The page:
California Aims To Increase Awareness of New Health Interpreter Law
Officials in California are seeking to increase awareness of the state's new law requiring health insurers to provide interpreters to non-English-speaking members, the Ventura County Star reports. According to the Star, the California Department of Managed Health Care has received only five calls from consumers inquiring about the law, which took effect Jan. 1.
The law covers all individuals with private insurance or coverage through Medi-Cal, California's Medicaid program. Hospitals are already required to provide interpreters. The new law allows patients whose primary language is not English to request that their health insurer provide an interpreter when they make medical appointments. The interpreter does not have to be physically present with the patient and can be provided through online or video conferencing services.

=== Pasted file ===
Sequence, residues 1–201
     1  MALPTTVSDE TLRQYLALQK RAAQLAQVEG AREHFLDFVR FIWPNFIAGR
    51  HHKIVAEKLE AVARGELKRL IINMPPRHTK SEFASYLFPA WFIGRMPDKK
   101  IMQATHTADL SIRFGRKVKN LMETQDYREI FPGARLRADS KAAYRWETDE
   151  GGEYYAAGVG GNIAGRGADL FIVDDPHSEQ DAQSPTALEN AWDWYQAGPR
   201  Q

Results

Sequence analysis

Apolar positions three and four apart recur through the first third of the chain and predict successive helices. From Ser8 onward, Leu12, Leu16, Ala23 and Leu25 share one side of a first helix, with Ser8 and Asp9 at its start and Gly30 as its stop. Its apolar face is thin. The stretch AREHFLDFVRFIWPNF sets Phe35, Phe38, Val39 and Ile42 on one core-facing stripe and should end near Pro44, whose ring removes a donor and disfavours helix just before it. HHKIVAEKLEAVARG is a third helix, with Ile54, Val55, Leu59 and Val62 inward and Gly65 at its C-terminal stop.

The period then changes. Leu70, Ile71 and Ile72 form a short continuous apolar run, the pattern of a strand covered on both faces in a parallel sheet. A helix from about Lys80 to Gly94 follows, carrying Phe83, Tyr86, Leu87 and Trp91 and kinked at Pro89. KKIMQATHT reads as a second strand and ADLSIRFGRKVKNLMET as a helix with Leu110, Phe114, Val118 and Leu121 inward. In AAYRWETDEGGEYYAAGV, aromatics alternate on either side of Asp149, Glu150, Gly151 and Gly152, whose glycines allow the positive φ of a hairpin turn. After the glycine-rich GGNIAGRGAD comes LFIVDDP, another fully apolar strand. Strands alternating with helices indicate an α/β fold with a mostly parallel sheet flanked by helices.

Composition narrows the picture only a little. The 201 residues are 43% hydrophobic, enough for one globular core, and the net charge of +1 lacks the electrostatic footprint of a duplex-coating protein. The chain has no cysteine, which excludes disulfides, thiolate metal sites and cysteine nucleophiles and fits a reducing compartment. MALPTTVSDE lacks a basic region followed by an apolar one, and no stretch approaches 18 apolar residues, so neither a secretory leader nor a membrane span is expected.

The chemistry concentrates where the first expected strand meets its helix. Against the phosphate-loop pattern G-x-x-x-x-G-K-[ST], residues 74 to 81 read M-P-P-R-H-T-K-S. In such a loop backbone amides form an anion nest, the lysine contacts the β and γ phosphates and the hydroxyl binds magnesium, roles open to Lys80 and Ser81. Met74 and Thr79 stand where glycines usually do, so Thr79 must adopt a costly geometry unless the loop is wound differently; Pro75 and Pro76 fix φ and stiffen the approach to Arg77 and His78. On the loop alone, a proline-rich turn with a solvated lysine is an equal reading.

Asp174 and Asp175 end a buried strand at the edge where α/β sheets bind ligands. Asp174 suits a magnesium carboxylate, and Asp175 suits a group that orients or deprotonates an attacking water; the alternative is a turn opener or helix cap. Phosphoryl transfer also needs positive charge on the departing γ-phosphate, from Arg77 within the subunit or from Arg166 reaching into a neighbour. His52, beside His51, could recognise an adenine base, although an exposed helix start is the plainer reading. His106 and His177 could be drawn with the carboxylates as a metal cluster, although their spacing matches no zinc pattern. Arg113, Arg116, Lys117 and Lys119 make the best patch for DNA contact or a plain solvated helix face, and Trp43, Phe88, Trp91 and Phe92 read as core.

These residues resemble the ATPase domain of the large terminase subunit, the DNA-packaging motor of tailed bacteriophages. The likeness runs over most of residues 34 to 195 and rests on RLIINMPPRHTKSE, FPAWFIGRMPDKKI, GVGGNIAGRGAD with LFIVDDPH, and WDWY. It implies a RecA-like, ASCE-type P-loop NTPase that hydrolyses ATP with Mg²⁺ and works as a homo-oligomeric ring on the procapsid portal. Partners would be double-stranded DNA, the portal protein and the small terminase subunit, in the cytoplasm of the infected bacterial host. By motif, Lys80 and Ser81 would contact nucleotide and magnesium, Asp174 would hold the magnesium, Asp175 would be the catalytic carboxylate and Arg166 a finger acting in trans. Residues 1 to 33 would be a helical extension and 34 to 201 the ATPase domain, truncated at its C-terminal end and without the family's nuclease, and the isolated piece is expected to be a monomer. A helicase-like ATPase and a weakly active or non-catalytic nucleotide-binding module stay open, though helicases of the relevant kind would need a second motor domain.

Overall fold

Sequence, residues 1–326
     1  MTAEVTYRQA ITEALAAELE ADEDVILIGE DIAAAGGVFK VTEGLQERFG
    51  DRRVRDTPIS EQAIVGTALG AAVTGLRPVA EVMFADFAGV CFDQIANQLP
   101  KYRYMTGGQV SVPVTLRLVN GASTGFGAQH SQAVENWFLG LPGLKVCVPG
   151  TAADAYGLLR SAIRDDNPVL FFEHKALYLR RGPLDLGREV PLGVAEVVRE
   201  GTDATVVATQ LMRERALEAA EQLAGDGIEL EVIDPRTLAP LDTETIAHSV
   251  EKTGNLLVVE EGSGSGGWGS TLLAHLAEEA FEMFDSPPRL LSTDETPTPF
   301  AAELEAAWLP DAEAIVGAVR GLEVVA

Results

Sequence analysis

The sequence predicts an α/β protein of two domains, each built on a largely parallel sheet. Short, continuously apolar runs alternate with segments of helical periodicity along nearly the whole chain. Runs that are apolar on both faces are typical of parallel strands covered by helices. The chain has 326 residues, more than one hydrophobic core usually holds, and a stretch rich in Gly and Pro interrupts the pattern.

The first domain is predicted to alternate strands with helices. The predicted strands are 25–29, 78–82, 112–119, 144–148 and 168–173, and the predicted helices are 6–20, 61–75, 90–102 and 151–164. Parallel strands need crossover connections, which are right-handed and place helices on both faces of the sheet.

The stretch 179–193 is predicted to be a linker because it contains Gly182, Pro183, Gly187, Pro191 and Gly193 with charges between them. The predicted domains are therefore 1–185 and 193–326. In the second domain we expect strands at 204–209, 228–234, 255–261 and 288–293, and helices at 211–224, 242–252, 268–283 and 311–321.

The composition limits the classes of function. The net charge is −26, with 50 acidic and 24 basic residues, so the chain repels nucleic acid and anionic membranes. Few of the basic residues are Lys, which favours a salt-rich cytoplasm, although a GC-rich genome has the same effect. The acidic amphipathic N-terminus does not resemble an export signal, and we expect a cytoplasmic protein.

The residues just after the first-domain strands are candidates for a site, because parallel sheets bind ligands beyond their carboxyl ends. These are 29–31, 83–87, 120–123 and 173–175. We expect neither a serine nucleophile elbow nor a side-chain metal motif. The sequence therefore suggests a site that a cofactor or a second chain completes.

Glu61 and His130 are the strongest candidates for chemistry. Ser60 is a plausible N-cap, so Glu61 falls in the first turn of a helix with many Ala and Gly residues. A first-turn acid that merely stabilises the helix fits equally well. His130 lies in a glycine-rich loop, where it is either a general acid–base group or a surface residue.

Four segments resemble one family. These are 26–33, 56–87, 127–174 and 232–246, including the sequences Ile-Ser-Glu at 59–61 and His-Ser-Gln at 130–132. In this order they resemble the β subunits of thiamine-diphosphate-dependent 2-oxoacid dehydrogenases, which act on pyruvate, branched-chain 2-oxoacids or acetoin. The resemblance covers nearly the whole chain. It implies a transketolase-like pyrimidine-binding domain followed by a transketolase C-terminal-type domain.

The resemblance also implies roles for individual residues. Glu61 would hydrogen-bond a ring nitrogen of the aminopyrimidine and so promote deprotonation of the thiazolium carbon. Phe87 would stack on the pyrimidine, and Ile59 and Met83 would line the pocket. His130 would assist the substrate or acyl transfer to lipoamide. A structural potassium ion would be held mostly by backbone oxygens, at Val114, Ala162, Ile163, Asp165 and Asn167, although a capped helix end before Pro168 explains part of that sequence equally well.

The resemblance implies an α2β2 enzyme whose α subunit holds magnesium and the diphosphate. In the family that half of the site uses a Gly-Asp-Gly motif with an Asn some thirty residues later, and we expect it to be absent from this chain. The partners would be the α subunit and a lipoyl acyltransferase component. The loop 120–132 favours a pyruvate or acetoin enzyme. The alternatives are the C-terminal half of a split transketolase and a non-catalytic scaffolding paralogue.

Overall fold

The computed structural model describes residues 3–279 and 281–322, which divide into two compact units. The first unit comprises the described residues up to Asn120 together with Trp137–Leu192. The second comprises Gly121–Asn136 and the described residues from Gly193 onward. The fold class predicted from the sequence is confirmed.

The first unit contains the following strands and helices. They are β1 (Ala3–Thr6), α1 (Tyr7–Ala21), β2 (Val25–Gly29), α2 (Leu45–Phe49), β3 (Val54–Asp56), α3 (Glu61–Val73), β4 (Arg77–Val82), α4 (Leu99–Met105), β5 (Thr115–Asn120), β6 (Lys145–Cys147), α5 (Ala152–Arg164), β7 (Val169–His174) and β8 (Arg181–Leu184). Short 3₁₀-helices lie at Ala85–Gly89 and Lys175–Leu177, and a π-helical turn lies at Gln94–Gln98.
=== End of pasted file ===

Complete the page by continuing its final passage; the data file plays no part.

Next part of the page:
The law also requires important medical documents to be translated and for interpreters to meet competency requirements. At some hospitals, staff members who had previously served as interpreters for patients are now undergoing testing to determine if they meet the new law's requirements, and some are not passing in large part because of grammar issues, according to the Star.
DMHC Director Cindy Ehnes said the state will continue to publicize the rules through foreign language media, notices from insurers and other strategies. Responding to the low number of inquiries from consumers, Ehnes said, "We think it's not a reflection of things just going smoothly. We think it's a reflection that people don't know about the right."
Ehnes said the state will use undercover representatives to verify compliance with the rules and will pursue reported complaints.
Susan Haverland, who leads an advocacy group for indigenous Mexicans in Ventura County who speak Mixtecan, said sometimes hospitals do not provide adequate interpretation services, relying on family members to interpret or providing an interpreter who does not speak the same dialect as the patient. She added, "All I can say is I hope" the new law will bring better care for non-English-speaking patients (Kisken, Ventura County Star, 1/26).